Guest Blogger: Tamara Ferguson
In creating unique and diverse characters, I take into account the age group of the readers I’ll be targeting, as well as the genre. I invent history for my heroes and heroines, and build on this history as my story proceeds.
I use visual and sensory images to develop my characters, respectively, from the heroes’ and heroines’ viewpoints, and give them flaws and quirks to make each of them more interesting; because I want my readers to like and sympathize with them.
I include a tiny element of magic in each of my romances. My stories are all about hope.
Here are some tips to help you develop characters:
Target Your Audience
New adult romance is usually meant to attract a younger reader, while contemporary encompasses a slightly wider group. Wounded warrior romance has a little broader scope, because it sometimes involves extra research.
New adult characters usually don’t have quite as much life experience—although, sometimes, there’s a devastating event in their lives—like a parents’ divorce, or a romance breakup. Usually I save the more complicated individuals for my wounded warrior and suspense series’—they have difficulties coping mentally and physically with their wounds, or maybe they’re dealing with past abuse.
In one of my novels, the hero is a police chief, and a former detective who worked in New Orleans. The first impression, I give my readers about Sam’s ex-wife, is that she’s a woman who doesn’t care about anyone but herself. But why would someone as intuitive as Sam have married Vanessa in the first place, if she was as selfish as she appeared? Little by little I reveal Vanessa’s secrets, so that the reader can come to see the woman that she really is, and even come to sympathize with her.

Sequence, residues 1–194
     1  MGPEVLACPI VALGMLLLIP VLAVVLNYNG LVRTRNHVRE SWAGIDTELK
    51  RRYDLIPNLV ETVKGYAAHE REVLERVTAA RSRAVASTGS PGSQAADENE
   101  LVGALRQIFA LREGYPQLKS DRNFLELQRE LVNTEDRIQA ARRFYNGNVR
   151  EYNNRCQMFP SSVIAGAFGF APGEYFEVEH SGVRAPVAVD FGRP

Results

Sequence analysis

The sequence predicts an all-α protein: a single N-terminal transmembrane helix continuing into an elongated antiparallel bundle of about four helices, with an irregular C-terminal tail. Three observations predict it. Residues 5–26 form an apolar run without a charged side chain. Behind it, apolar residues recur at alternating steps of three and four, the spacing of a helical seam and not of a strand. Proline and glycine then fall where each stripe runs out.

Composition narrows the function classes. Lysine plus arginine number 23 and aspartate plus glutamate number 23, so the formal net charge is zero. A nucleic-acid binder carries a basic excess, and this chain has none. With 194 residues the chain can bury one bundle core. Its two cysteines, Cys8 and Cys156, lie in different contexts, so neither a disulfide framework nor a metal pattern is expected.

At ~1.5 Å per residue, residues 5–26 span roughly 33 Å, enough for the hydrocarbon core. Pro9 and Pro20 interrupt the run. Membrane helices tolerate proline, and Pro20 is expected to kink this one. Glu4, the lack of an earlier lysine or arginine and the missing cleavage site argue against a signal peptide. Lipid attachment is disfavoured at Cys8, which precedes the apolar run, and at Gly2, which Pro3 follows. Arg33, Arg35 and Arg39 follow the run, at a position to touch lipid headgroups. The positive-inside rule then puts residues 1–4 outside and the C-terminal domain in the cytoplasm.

Visual and Sensory Support
I usually do this, respectively, through the hero and heroine’s eyes, and build it up even more through the story. The heroine might merely be pretty at the beginning of the story, but she gradually transforms to become incredibly beautiful by the end. After all, since the characters are falling in love, they’re looking at each other differently than an outsider would.
Some of the men I’ve written about have been womanizers—some of the women aren’t proud of their pasts. These are examples of what makes a character human. Build their secrets and regrets into your story.
Give your character a hobby, a pet — do everything in your power to make the reader like your primary characters and even evoke sympathy for them.
Rolling his eyes, Luke shook his head with resignation, wrapping his arms around the puppy like he was never going to let him go.
By adding extra words, I’m garnering sympathy for my wounded warrior pilot, who’s lost a limb.
When Danielle had talked him into adopting a dog from the no-kill shelter, Zach had envisioned himself with a lab or a golden retriever. The last thing he’d expected to do was walk out of the place with a basset hound.
Zach’s a wounded warrior—with scaring from burned flesh covering his body.
About The Writer
Tamara Ferguson is an award winning romance novelist. She is the winner of the 2015 Romance Reviews Readers’ Choice Award in New Adult Romance, as well as a 2014 Readers’ Favorite winner in Romance Suspense. A former horticulturist, she resides in central Illinois. To learn more about her and her books, please visit Tamara Ferguson